“We don’t know when, since they came in contact with the infected person, they contracted the infection... This is valuable data since it tells us what our quarantine and contact tracing rules should be,” said Rakhal Gaitonde, professor, Sree Chitra Tirunal Institute for Medical Sciences and Technology, Thiruvananthapuram.

The Centre has not shared any data on the contacts that were traced and how many of them tested positive. “Unless all the (state) governments put out this data, we will not have an idea on the transmission dynamics,” Gaitonde said.

Why is the data important?

Experts feel countries that provide more extensive data can calibrate their health system response better and make predictions, both in the short and the long term. For example, data on SARI (severe acute respiratory infections) and ILI (influenza like illness) and the total number of deaths due to these now and historically, can help calculate departures from historic numbers and quantify excess deaths or illnesses beyond the expected normal for the season. “We’re not doing our homework. Our singular purpose right now is: House is on fire, put the fire down,” said virologist Jacob John.

John’s predictions for Covid-19 in India are based on the number of deaths. “Total deaths is the only reliable number since you cannot contest that these people died of Covid,” he said. However, many Covid deaths are not getting medically reported or being attributed to respiratory or ILI.

India’s 2.8 per cent fatality rate, which is calculated as a percentage of total cases, does not give a correct picture either. Bhramar Mukherjee, professor of epidemiology, University of Michigan, said the fatality rate should be based on age-structure and closed cases. “Death plus recovered should be the denominator, instead of total cases,” she said. By this calculation, India’s fatality rate would be around 4.5 per cent.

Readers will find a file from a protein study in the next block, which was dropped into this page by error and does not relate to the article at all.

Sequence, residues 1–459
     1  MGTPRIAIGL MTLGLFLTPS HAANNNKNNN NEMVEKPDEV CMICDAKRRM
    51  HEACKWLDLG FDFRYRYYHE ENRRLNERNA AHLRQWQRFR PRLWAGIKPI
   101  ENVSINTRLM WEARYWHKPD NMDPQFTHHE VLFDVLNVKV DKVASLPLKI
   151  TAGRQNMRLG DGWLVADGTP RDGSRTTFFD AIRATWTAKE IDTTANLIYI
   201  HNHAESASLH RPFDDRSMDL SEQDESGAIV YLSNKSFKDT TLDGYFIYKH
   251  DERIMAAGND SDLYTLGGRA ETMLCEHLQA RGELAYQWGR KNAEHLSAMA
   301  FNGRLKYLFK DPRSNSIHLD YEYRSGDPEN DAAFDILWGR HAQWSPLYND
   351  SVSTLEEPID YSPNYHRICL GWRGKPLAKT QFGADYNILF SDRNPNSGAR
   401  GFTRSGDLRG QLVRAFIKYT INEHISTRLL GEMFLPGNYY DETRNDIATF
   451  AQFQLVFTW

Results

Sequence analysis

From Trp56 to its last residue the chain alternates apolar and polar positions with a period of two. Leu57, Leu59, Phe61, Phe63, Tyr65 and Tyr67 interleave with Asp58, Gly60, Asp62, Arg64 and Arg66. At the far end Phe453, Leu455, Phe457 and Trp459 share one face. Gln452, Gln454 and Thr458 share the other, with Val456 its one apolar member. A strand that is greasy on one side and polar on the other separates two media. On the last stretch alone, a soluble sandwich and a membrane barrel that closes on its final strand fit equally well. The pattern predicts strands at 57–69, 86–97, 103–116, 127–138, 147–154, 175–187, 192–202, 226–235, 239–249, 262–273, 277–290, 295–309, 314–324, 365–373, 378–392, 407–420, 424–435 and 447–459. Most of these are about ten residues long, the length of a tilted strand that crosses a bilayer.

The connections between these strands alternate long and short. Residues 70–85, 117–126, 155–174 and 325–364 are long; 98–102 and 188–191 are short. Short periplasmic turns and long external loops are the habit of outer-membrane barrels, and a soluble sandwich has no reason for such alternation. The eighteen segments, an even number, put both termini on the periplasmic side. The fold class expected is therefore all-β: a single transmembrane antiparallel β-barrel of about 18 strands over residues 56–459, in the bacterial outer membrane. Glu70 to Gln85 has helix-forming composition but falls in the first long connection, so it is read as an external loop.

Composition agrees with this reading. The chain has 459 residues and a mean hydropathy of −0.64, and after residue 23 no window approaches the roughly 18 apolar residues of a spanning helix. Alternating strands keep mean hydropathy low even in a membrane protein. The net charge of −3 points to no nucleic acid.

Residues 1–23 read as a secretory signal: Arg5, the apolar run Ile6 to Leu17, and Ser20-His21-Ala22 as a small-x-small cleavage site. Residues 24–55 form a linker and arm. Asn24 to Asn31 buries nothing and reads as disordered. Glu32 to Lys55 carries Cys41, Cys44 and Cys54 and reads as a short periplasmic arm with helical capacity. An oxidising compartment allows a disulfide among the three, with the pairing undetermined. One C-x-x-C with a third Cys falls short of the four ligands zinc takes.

Epidemiologists warn that unless there is better data, there would be no way of understanding how the effects of Covid-19 might be different in the Indian population.

So far, the government’s focus has been on the doubling time, the number of cured or discharged patients, and a lower fatality rate compared to other countries. Experts say this is not useful for planning hospital capacity and needs. “You need a predicted number of active confirmed cases in a day or weeks for a region so that you can anticipate that a fraction of them will end up in hospitals and ICUs and will need ventilators,” said Mukherjee.

Why does India lack data?

Experts say the gaps in data arise out of a lack of capacity as well as transparency on the part of governments. “Policymakers are seeing these numbers as an evaluation of their performance. This is unproductive,” Gaitonde said.

The competition between states is also counter-productive. State-wise resources differ, which accounts for disparities in the way numbers are reported. “Reporting of data depends on the individual public health capacities of different states.”

Experts feel the only way to reduce the uncertainties that surround the pandemic would be to use the data from our own experience and other countries.

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Ruchika Chitravanshi in New Delhi